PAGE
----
|Taking Streetview-style panoramas with “Sock Cam” – a borrowed D90 insulated
against the -30F temps by being stuffed inside a sock filled with hand warmers.
Time to pack and go.
I’ve hinted at it, but I don’t think I’ve explicitly made it clear that I’m scheduled to be out of here tomorrow. Tonight night is “bag drag”, when I haul my luggage over to Altie Meadows to be packed and palletized by the swing shift cargo team (yeah that used to sort of be me for a bit). Then tomorrow morning I give my now-empty Jamesway a final dusting (heh) and trundle over to station to watch the galley scroll and wait for Tina to announce whether my flight’s boomeranged, delayed, or is actually going to make it. About 24 hours from now – if all goes well – she’ll announce that Skier 174 has reported “Pole Three” – 30 minutes out from landing. I’ll gather my bags and say those last goodbyes. Or more likely not; I’m not good at goodbyes. So I’ll probably make some excuse about checking up on some thing or another elsewhere, and make my way down the stairs at Destination Alpha. Off to the wishfully-named “pax terminal” of South Pole International Airport to watch a Herc taxi in for the last time. Kricket or Dan will probably be out there marshalling it, and we’ll exchange some sort of “See ya next time around!” high fives, then cross the centerline over to where the Herc’s loadmaster will usher us to our ever-so-comfy webbed seating slings to strap in. Then some waiting, and the sound of the engines spooling up. That gradually-building thump and roar that was so unnerving when we first arrived, breathless, scared and excited. We’ll crane our necks toward the portholes, looking for a last glance of the station, the Jamesways through the prop-washed snow as we build up speed bouncing down the skiway until….
…we’re gone. Airborne and away from this place that has been our home these past three months. Yeah, we say we’ll keep in touch. Some of us might.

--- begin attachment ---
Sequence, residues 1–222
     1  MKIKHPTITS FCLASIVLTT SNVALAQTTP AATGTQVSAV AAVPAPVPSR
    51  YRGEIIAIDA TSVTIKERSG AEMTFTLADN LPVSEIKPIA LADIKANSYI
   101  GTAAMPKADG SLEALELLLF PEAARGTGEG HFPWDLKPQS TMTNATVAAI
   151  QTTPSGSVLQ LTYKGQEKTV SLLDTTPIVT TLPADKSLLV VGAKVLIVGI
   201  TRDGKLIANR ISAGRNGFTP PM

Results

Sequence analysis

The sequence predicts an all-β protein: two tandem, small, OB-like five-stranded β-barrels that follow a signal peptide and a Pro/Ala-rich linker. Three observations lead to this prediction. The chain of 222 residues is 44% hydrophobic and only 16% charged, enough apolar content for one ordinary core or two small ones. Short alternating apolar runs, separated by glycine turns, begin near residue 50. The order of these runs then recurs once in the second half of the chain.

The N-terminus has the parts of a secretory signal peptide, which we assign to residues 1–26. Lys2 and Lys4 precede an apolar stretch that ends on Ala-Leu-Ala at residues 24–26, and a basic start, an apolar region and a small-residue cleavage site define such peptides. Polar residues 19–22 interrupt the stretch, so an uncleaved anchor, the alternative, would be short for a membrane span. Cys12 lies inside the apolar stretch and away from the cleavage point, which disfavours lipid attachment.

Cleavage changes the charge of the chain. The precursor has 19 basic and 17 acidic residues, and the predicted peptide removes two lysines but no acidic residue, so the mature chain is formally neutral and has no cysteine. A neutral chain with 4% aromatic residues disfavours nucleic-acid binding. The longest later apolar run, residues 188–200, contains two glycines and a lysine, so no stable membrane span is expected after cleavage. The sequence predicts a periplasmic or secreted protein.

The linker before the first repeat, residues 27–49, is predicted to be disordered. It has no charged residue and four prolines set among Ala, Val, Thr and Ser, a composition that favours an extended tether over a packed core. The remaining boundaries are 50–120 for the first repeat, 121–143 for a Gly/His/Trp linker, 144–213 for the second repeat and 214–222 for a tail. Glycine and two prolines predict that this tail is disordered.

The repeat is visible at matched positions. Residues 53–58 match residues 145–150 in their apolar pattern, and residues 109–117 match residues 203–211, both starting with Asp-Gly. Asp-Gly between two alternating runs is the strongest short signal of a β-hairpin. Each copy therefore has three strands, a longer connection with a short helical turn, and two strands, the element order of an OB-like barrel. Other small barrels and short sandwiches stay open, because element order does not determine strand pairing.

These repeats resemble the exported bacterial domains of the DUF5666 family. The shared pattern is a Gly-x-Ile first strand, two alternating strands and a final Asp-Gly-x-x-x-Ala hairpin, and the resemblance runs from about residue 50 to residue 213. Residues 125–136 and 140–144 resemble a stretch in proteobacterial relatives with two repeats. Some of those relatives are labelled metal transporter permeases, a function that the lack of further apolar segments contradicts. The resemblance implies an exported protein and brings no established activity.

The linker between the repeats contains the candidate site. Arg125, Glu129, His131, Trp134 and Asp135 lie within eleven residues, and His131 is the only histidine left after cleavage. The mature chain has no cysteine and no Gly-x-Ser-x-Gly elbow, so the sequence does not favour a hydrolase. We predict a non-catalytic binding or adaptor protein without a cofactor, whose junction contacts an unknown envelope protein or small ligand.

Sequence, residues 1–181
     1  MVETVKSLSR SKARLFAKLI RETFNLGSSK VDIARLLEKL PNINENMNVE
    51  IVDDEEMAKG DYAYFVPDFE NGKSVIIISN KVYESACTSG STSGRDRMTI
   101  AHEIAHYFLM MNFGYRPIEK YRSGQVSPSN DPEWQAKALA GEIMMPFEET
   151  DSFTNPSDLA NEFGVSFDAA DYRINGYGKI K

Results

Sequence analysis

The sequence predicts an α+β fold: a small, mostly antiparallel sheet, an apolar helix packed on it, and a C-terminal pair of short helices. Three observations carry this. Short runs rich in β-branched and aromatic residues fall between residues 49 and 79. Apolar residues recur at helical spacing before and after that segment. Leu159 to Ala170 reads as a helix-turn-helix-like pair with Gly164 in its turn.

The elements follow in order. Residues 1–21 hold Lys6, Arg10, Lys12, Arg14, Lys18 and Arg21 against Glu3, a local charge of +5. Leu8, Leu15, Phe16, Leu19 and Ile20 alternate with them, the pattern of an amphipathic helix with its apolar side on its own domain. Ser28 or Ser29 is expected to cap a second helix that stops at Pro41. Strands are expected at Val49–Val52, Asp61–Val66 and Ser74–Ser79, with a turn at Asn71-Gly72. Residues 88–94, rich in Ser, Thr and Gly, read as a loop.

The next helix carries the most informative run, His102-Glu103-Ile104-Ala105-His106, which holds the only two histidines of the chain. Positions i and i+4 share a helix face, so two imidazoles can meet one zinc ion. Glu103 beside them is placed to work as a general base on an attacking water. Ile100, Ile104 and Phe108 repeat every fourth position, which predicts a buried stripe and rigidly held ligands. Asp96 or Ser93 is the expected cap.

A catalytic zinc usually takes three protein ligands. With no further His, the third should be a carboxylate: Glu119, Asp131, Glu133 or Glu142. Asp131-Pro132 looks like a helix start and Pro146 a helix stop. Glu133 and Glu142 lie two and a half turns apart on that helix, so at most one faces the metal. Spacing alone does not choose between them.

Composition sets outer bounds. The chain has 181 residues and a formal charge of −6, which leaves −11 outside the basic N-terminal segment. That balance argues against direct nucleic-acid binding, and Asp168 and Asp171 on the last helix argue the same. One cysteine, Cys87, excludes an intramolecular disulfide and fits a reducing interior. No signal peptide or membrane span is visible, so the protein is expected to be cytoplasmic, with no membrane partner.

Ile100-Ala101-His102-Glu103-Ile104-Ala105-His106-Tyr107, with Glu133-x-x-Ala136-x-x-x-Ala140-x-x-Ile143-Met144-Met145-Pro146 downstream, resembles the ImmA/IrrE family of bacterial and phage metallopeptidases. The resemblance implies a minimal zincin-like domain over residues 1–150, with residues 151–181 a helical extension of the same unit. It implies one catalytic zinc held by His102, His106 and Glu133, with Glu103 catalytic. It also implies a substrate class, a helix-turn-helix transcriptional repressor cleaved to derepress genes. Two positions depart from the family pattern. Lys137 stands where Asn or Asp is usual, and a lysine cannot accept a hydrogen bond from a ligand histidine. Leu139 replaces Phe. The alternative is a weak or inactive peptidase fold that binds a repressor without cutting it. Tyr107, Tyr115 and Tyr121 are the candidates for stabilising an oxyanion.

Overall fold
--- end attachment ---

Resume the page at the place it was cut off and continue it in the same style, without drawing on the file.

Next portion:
Okay, enough melancholy – there’s way to much to do before tomorrow.
The winter crew started to arrive in force yesterday, and the change in Station vibe is very evident. They all look relaxed and seasoned, comfortable in their Carhartts, like they’re coming home and settling in. As Clint said “Yeah, we’re just biding our time for a bit while waiting for y’all summer folks to get the hell out of our way.” But he said it with a smile that said he appreciated how it was to be on the other side of that conversation.
Meantime, this latest storm is kicking the Station’s butt. Five flights scheduled for today have all canceled; there’s a crazy ice fog that the storm’s blown in – one moment you can see for miles, the next you can’t see a thing. First three flights made it to Pole, circled for half an hour, then turned around an made for home. Supposed to be better tomorrow, but we’ll see, I guess.
[Anyhow – sats are up and stable for the first time in a couple of days; lemme post this before TDRS flames out again (my main entertainment for the past couple of days has been composing increasingly cynical updates as to the status of our satlink connection, e.g.:
[after 6 consecutive failed passes:] “In a stunning turn of events… this morning’s TDRS satellite pass has failed. No, really.”
“It’s been pointed out that White Sands is not only the receiving end of our erstwhile satellite connection, but also serves as our nation’s premier missile test range. There is speculation that confusion between these two roles may have resulted in this morning’s outage, and our satcom guys are on the phone inquiring whether, perhaps, they have accidentally blown up one of their own satellites.”
“It now appears likely that we will *not* have internet connectivity restored today. But think of all the added time you can use to catch up on that Jane Austen novel you’ve been meaning to read.”